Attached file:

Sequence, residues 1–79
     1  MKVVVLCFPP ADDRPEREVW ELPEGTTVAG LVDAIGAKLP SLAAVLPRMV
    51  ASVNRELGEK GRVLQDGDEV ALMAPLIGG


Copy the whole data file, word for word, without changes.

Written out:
Sequence, residues 1–79
     1  MKVVVLCFPP ADDRPEREVW ELPEGTTVAG LVDAIGAKLP SLAAVLPRMV
    51  ASVNRELGEK GRVLQDGDEV ALMAPLIGG